Others still mourned their dead at home. Some families waited for relatives to return from the armed forces. Many were still a long way from home.

Al Silver, a Massapequa Park resident who had survived the Bataan Death March and 44 months in a prisoner-of-war camp, found himself wandering about downtown Tokyo on V-J Day, looking for U.S. patrols to take him home. Frank Puglisi, a 23-year-old Marine, was on the captured island of Pelelui that Sunday, more concerned with die-hard Japanese snipers than a victory celebration, the West Babylon resident recalled recently.

But there were cheerful moments, too, the first signs of the return to suburban normalcy. At Morgan Memo-rial Park in Glen Cove, a 2-year-old named Linda Lee Lewis won the beautiful-baby contest. There was a water carnival that afternoon and, at night, more than 1,500 danced at a block party on Elm Avenue.

The three-day holiday had begun with blue skies and temperatures in the 80s. The weather turned cool and gray on V-J Day and the movie theaters were jammed. But more than 100,000 fans turned out at the Bel-mont and Aqueduct racetracks, and, despite threatening weather, Jones Beach and other Long Island beaches were packed.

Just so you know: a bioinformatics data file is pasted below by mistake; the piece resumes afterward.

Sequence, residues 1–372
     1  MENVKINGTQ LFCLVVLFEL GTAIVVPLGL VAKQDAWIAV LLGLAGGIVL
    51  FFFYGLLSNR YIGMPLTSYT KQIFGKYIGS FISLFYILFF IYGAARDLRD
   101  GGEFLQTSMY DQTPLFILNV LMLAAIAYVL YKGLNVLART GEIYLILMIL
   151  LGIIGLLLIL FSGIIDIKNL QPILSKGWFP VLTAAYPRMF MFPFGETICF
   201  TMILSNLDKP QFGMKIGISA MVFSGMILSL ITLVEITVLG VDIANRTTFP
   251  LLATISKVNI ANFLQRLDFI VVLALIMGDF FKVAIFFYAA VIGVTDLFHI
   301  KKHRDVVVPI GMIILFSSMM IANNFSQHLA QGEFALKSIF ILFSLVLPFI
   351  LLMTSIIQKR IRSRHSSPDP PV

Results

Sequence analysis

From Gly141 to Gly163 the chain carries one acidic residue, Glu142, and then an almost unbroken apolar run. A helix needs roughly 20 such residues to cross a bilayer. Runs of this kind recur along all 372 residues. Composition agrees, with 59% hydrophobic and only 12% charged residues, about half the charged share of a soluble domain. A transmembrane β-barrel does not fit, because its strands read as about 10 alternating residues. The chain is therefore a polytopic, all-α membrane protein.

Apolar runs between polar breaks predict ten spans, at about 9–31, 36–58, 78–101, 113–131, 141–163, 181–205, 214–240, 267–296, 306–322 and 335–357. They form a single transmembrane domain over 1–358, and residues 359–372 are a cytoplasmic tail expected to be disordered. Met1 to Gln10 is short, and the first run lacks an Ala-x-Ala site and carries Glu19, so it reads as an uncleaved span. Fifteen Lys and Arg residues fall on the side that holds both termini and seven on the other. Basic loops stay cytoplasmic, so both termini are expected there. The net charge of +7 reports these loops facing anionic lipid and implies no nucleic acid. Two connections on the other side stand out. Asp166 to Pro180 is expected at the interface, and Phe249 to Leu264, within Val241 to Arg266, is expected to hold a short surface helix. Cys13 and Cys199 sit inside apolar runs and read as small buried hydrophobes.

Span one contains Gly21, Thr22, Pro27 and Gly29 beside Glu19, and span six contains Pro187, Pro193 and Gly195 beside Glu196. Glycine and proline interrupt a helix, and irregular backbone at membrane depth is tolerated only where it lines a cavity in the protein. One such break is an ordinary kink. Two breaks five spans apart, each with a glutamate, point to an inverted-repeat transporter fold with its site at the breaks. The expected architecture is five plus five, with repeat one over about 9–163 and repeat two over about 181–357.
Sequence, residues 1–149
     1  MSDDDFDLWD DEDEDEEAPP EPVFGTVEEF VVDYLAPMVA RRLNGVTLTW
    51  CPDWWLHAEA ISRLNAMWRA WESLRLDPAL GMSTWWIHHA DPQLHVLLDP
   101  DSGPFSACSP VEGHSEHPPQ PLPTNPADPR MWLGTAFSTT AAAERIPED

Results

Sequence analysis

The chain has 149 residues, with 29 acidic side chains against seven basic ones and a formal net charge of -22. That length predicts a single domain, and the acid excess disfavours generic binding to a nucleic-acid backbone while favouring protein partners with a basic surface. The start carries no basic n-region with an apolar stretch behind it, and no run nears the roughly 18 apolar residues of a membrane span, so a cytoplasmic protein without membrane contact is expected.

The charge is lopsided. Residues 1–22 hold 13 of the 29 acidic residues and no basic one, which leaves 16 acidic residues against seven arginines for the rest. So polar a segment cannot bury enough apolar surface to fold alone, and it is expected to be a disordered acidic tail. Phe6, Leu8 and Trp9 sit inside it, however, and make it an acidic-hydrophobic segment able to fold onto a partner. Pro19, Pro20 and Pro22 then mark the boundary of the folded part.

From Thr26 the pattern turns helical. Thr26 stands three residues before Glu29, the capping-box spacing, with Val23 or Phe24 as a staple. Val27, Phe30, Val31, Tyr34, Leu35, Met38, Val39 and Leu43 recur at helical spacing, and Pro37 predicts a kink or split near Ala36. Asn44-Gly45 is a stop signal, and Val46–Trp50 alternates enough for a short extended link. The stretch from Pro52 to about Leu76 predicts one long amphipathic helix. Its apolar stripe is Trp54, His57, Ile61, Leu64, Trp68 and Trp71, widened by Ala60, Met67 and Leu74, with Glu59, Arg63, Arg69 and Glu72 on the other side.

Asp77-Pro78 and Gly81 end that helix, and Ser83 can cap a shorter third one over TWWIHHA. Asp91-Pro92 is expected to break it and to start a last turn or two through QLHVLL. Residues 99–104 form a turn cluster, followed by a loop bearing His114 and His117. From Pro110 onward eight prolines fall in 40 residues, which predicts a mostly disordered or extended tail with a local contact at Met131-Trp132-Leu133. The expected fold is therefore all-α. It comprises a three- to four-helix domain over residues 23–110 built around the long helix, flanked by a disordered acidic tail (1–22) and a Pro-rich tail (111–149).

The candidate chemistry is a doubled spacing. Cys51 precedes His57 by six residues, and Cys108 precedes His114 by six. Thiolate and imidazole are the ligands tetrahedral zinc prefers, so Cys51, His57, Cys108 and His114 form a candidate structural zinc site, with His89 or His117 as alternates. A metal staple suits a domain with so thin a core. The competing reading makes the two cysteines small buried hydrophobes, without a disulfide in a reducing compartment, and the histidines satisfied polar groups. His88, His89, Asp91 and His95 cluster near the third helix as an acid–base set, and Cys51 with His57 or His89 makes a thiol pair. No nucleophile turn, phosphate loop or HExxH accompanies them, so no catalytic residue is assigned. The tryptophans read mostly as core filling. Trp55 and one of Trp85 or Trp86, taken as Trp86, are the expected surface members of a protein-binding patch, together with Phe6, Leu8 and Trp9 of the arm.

The government had announced an increase in supplies of butter, canned salmon, ice cream and whipping cream, but meats would continue to be rationed, except mutton, kidney and tripe. For the first time since 1941, there was plenty of gasoline for the prewar roadsters, and the highways were filled with Sunday drivers on the first weekend of peacetime.  V-E DAY: THE FIRST TASTE OF VICTORY T he nation celebrated its first taste of victory on May 8, 1945, when President Harry Truman proclaimed V-E Day.

In a radio broadcast, the president announced that the German armies had signed surrender papers the day before in a schoolhouse in Reims, France.

The nation was still stunned by the death just a month before of President Franklin Roosevelt, leader of the nation through the Great Depression and the war years - and V-E Day was a sober celebration in most towns and villages.

The memory of the war dead, said Nassau County Executive J. Russel Sprague, "should serve to make our observation of Victory Day' one of prayer and thanks." Long Island churches and synagogues held special services that evening, and Newsday reported that worshipers had sought "divine guidance to carry them through the difficult days ahead until victory in the Pacific had been won."

Some schools held assemblies to commemorate the day; others dismissed their students soon after Tru-man's broadcast. In Hempstead, thousands of students marched through the village to the beat of the high school band. No more blackouts, people chanted. No more air raid drills. At Mitchel Field, a brief V-E Day ceremony was held on the parade grounds, with an address by Maj. Gen. Frank O. Hunter, commander of the First Army Air Force. Many stores closed early that day, and war plants such as Republic, Sperry and Grumman sent employees home early.

At the time, families were still placing gold stars in their windows, marking the loss of loved ones. Many had expected the war to go on for months, perhaps years, until Japan was defeated. Then came the atom bomb.